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A WHEEL OF TIME COMMUNITY

The Audio Books


Reeve
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I lurk here mostly, so I may be covering something that has already been done...

 

I have been reading the series since the first book, and absolutely love it - to the point where almost any other fantasy book just seems lame. Except for Stephen Donaldson, but thats another subject. Anyway, I read fast because I read a lot, and each WoT book usually takes me a few days to read.

Anyway, I moved from the UK to the USA recently, and learned to drive (I am 37) and found I had long journeys in the car often over 6 hours, so thought I would try listening to the audio books as something to do.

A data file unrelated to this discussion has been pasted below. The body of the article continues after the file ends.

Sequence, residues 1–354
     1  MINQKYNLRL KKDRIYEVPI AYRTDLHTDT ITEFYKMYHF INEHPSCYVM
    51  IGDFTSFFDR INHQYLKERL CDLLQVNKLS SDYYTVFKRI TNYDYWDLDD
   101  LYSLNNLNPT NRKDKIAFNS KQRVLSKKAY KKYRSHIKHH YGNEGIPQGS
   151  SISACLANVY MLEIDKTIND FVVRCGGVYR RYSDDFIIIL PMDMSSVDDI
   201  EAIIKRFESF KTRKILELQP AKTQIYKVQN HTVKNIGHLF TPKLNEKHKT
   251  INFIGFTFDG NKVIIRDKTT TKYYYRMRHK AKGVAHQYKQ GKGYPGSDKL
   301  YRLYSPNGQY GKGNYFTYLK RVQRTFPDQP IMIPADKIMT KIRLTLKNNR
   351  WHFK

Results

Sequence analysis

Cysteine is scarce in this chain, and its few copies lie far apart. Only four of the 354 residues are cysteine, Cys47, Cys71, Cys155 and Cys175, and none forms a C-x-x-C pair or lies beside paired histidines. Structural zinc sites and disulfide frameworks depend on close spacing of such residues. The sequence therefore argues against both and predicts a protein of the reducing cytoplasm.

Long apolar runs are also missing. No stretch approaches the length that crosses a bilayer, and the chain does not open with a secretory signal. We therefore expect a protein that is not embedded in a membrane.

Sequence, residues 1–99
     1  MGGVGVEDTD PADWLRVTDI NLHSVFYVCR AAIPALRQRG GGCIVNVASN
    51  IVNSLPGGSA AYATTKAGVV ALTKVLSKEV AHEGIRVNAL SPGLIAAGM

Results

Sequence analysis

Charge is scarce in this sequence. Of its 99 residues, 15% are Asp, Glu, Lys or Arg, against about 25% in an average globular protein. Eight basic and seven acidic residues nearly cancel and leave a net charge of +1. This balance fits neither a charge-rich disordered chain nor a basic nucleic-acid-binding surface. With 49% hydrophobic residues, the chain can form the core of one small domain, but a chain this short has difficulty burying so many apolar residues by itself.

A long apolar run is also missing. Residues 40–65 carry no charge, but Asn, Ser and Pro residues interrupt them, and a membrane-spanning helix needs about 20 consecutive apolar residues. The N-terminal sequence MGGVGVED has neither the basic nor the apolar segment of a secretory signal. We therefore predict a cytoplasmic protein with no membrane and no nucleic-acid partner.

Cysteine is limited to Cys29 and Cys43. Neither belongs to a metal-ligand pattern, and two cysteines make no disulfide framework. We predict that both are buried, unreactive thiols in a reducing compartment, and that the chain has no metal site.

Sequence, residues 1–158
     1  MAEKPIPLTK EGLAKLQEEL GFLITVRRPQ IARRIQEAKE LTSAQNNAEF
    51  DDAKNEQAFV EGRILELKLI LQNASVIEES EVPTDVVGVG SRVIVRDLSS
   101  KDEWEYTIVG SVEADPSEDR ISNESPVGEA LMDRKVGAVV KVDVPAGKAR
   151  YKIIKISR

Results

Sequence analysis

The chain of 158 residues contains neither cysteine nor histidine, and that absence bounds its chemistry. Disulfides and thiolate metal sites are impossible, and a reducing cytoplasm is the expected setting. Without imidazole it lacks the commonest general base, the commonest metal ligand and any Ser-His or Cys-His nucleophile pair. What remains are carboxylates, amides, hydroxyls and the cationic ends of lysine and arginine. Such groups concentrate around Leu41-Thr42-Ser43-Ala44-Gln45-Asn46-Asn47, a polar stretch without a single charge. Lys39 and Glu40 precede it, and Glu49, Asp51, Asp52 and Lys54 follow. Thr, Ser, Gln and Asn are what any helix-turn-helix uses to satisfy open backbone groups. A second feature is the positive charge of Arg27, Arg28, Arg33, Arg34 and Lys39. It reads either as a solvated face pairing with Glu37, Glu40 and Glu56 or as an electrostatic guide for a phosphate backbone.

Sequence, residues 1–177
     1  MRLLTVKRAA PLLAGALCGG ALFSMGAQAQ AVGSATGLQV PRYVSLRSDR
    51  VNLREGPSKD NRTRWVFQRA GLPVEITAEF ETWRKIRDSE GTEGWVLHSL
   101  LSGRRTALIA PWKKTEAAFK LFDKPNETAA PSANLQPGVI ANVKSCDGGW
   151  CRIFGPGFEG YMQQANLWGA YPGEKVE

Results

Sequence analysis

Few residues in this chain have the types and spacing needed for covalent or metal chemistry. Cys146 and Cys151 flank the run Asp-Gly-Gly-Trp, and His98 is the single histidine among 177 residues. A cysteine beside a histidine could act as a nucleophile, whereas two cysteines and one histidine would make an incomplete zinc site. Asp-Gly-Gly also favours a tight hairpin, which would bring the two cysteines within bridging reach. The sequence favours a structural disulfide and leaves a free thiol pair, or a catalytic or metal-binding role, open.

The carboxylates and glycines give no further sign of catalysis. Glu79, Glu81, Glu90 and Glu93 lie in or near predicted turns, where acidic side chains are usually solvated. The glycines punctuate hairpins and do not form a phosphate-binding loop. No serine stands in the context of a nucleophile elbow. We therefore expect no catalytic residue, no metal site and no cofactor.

I am amazed by how much I seem to miss when I read as opposed to when I listen. I think maybe that because I read fast, I dont digest everything as well as I could. I was wondering if anyone else has found the same thing? For example, I read all of ToM waiting for the Tower of Gengi bit, and when it came, I felt it was over in a heartbeat.

Here are just a few of the things I didn't notice reading but noticed when listening:-

 

Perrin worrying about the ache in his leg that should have been healed after Matt goes through the gateway

The mist / light thing when they first get in the tower

Noal going out and back in again

The descriptions of the tower

 

All these are small things, but there were so many of them and they really changed the way I felt about the scenes. Plus stuff I found kinda boring - like Aviendhas trip to Ruidean - was much more interesting when I listened to it.

 

I am now thinking about listening to all the audiobooks from the start because I am wondering how much other stuff I missed! Anyone else have the same experience? And...is it the same narraters for the whole series?